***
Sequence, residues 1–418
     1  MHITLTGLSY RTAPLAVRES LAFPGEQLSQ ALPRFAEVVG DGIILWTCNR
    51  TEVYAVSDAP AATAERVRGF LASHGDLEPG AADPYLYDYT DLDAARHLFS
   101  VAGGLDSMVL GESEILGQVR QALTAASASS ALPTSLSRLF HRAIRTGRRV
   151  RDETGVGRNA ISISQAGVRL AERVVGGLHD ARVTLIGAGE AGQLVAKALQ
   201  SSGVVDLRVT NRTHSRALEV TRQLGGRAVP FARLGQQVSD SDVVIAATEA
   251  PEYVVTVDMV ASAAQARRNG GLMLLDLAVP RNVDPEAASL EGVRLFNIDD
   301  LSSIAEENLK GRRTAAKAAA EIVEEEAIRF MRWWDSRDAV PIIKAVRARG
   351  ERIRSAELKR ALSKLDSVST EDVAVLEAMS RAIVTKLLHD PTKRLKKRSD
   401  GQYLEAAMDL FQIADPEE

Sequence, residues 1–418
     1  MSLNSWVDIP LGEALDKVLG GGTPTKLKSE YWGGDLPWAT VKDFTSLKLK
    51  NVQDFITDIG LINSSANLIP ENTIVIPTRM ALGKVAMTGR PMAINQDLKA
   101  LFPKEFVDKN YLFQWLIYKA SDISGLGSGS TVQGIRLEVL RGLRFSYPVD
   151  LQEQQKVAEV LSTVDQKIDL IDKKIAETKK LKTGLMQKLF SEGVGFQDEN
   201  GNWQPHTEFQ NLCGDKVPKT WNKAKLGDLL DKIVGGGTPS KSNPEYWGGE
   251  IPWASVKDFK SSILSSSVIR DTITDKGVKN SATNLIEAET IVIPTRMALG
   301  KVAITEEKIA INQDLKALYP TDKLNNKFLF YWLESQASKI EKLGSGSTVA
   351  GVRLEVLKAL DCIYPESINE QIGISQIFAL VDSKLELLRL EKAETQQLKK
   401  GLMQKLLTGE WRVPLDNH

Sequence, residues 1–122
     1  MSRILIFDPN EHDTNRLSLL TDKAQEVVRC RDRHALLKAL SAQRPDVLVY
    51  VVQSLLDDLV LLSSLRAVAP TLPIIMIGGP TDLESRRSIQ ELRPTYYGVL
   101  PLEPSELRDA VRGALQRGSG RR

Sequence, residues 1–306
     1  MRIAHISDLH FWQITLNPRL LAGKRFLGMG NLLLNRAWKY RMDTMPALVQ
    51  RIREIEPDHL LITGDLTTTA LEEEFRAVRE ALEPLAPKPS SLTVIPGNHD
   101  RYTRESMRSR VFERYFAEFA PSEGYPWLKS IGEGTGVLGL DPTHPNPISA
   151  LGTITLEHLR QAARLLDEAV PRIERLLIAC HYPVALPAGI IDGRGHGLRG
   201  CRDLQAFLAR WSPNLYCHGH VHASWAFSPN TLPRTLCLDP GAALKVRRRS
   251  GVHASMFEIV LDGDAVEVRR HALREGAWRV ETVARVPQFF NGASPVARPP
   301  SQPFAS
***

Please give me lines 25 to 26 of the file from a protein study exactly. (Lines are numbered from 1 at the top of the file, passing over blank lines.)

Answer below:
Sequence, residues 1–306
     1  MRIAHISDLH FWQITLNPRL LAGKRFLGMG NLLLNRAWKY RMDTMPALVQ